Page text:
Meet the Writing Studio Staff
Fall 2020 Writing Consultants
Abi (she, her, hers) is a junior double majoring in CSET and English with a concentration in creative writing. She is especially interested in reading and writing about poetry. She loves drinking Diet Coke, quoting obscure lines of literature, staring at trees, and listening to Amy Winehouse whilst thinking about how tragic it is that such a genius died so young. On good days, she also enjoys working out.
Becca is a third year fiction candidate in the MFA program. She spends most of her free time writing, reading, binging crime dramas, and playing with her rambunctious German Shepherd, Django.
Cameron is a junior from Marlborough, Massachusetts, majoring in Educational Studies and Second Language Studies and minoring in Japanese Language and Culture. Outside of the Writing Studio, he is president of the Japanese Cultural Foundation and a member of the Japanese Hall in McTyeire International House. He enjoys reading, watching anime and YouTube videos, learning foreign languages, and hanging out with cats.
Chloe is a sophomore majoring in Public Policy. On campus, she is a part of the ROCCA Lab and a contributor for the Vanderbilt Political Review. In her free time, she also enjoys being a penpal and trying her hardest to not become a film snob.
Claire is a senior from rural Minnesota. She is very much looking forward to another great year at the Writing Studio! She is majoring in neuroscience with minors in French and scientific computing. After graduation and a gap year doing computational neuroscience research, she plans to attend medical school. Her favorite things in life are concerts (rip Bonnaroo 2020), Cavalier King Charles Spaniels, blasting music into her ears on the walk to class, and the feeling you get when you finish a book.
Cyrus is a senior in the College of Arts and Sciences studying Sociology, Arabic, and Computer Science. When he is not wasting his time being far too emotionally invested in professional football, Cyrus loves to travel, hike, and play games of all kinds. He is also an aspiring cook who wishes he could find a vegetable that tastes as good as an onion that didn’t make him cry.
Eghosa is a junior from Nashville, Tennessee, double majoring in Economics and English with a concentration in Creative Writing. She is involved in the Vanderbilt Student Government as a member of the Campus Life Committee. Outside of academics, she enjoys reading, binge watching Netflix shows (currently the Rain) and locating the best spots on campus. Eghosa can commonly be found discussing her ability to survive in different dystopian societies with her friends.
Erika (she/her/hers) is a fifth year PhD candidate in the Graduate Department of Religion, focusing on history of religion. Specifically, Erika is interested in religion during the American Revolution and how it contributed to civil religion. She is also passionate about bringing the narratives of women and people of color into histories of the Revolution. Erika lives in East Nashville with her wife Rob and tripod dog Tucker. She loves baking, knitting, and Irish step-dancing. Also, Erika is from Phoenix, AZ and misses the desert every day.
Farrah is a junior from Hollywood, Florida. She’s pursuing a major in Chemistry and a minor in Creative Writing. In her free time, she enjoys reading The New Yorker and binging TV shows on Netflix. Farrah is excited to join the Writing Studio this year!
Julianne (Gigi) Adams is a third-year PhD student in English. She works in the long eighteenth century, with a specific focus on amatory fiction and crime narratives. Other research interests include celebrity culture, postfeminism, and digital intimacies. Her life mainly revolves around her dog.
Isabelle is a junior from Washington, DC majoring in French with a minor in clarinet performance. One of her favorite memories was being described by a professor as “surprisingly competent.” She lays in the grass reminiscing about legendary French criminals, enjoys playing Settlers of Catan to avoid the crushing weight of her responsibilities, and drowns her sorrows in 85% dark chocolate. She also gets trash talked for liking the Twilight Saga more than Harry Potter. Unfortunately, she stands by her opinion.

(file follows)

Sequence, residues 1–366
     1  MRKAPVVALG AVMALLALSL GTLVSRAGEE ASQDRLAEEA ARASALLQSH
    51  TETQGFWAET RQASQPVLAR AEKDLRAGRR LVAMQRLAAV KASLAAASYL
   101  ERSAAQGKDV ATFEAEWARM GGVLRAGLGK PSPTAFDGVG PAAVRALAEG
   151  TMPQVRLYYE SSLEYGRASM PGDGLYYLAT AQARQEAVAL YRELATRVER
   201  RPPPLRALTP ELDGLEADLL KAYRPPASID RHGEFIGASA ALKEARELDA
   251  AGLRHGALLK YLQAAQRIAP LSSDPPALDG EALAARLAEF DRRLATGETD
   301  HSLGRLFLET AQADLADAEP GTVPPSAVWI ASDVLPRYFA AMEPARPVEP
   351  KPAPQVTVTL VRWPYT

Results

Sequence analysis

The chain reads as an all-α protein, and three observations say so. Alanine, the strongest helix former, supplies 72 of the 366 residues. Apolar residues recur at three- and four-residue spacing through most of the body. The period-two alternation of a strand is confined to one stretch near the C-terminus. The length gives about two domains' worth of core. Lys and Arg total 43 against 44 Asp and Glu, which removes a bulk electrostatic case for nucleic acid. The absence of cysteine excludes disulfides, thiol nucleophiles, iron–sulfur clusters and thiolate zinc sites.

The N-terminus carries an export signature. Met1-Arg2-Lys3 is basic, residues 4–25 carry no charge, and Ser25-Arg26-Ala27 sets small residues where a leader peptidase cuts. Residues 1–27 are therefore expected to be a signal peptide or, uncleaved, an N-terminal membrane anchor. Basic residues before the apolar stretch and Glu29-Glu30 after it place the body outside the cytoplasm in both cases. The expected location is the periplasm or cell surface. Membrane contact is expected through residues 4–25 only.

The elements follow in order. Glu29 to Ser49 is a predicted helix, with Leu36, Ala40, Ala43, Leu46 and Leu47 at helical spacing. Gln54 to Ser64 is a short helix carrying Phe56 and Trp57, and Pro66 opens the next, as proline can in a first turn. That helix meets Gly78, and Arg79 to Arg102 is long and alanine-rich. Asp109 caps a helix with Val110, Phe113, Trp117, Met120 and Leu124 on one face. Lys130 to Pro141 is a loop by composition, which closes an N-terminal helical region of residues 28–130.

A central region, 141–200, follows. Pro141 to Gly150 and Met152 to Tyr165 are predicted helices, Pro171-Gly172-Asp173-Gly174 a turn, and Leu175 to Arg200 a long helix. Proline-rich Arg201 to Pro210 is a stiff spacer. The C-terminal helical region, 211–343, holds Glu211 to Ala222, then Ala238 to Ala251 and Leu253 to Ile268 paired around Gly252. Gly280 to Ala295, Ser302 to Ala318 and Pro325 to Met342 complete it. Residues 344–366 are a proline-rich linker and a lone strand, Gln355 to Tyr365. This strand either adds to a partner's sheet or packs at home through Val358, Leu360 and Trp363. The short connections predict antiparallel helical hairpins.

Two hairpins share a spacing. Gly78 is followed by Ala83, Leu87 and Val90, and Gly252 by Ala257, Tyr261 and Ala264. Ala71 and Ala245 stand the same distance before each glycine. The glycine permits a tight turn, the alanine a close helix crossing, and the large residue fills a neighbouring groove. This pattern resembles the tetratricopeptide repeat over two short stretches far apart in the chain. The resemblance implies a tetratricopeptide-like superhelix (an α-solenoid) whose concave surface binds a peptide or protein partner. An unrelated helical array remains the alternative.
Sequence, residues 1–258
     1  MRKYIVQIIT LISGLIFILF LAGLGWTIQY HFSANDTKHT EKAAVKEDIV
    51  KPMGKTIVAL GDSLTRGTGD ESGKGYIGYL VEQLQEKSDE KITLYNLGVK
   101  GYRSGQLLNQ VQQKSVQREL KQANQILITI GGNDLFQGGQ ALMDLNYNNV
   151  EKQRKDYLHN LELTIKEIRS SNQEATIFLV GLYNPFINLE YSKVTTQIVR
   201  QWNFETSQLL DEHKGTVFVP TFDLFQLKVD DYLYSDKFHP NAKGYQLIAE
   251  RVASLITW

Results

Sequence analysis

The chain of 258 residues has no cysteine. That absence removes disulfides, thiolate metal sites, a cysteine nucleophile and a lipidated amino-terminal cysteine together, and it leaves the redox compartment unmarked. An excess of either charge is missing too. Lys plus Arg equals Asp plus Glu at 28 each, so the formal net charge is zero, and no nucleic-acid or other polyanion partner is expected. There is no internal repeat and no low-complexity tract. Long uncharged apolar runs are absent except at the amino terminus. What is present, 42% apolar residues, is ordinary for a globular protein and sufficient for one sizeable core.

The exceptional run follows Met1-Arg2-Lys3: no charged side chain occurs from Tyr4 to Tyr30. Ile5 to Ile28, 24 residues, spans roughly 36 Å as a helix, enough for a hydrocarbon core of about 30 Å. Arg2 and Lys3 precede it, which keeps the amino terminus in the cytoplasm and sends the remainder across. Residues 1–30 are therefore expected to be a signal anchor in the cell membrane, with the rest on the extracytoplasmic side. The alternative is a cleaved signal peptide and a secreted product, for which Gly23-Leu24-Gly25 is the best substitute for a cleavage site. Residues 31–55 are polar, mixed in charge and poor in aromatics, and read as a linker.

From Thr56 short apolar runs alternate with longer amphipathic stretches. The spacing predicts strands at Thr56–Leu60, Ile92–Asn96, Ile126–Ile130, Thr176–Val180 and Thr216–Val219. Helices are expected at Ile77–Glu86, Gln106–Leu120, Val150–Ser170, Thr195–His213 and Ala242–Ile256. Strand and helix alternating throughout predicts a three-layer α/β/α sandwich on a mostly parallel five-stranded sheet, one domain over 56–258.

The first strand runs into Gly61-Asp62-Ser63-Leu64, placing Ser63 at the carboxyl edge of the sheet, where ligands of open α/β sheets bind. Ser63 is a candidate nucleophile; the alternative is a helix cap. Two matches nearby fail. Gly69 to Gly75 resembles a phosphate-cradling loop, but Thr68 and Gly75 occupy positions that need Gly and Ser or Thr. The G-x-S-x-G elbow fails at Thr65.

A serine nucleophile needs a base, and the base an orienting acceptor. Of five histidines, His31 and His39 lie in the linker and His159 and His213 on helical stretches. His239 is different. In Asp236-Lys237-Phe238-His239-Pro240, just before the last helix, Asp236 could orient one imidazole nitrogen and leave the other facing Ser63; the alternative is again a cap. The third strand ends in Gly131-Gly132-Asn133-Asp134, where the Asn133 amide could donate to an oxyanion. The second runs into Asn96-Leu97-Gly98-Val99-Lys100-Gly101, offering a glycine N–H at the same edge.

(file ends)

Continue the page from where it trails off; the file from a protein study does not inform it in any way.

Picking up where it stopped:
Jan is a junior in the College of Arts and Sciences from Goyang, South Korea. She is majoring in English with a concentration in Creative Writing. In her free time, she likes to watch cooking shows, bad movies, and Property Brothers with her friends. Jan is also a member of Vanderbilt’s International Student Council and is excited to return to the Writing Studio for another year.
Kaitlen is a seventh-year PhD in Political Science. She specializes in Comparative Politics and Methodology. She is currently working on revisions to her recently defended-dissertation with the hopes of publishing two chapters. Her dissertation focuses on the relationship between elite communication and online engagement on social media. She employs both quantitative and qualitative methods in her research. Outside of her PhD, Kaitlen is obsessed with her two dogs, traveling, trying to keep house plants alive, participating in Goodreads reading challenges, and cultivating her ongoing love-hate relationship with running. She has been a Consultant at the Writing Studio since 2018.
Kassie is a graduate student in the Secondary Education at Peabody. Kassie is a history buff and daughter of Athena, she always has a plethora of Roman trivia to share. When not studying Greek and Latin, she can be found de-stressing by kneading homemade bread and binge watching Xena: Warrior Princess.
Kat is a third-year PhD student in the Earth and Environmental Sciences Department. She uses computer models to study the fossil record of Earth’s earliest animals from 540 million years ago (give or take). She holds a B.S. in Geology from William & Mary and has worked at natural history museums in Boston, New York City, Virginia, and Texas. She hails from the outer reaches of the Washington, D.C. suburbs, and hopes to one day knit her entire wardrobe, although this dream is significantly challenged by the impracticality of knitted pants.
Kate is a junior from Centerville, Ohio. She is double majoring in English and Sociology with a History minor. When she’s not reading slightly obscure Russian literature (or talking excitedly about it), Kate can be found making a cup of tea or desperately trying to keep her many plants alive.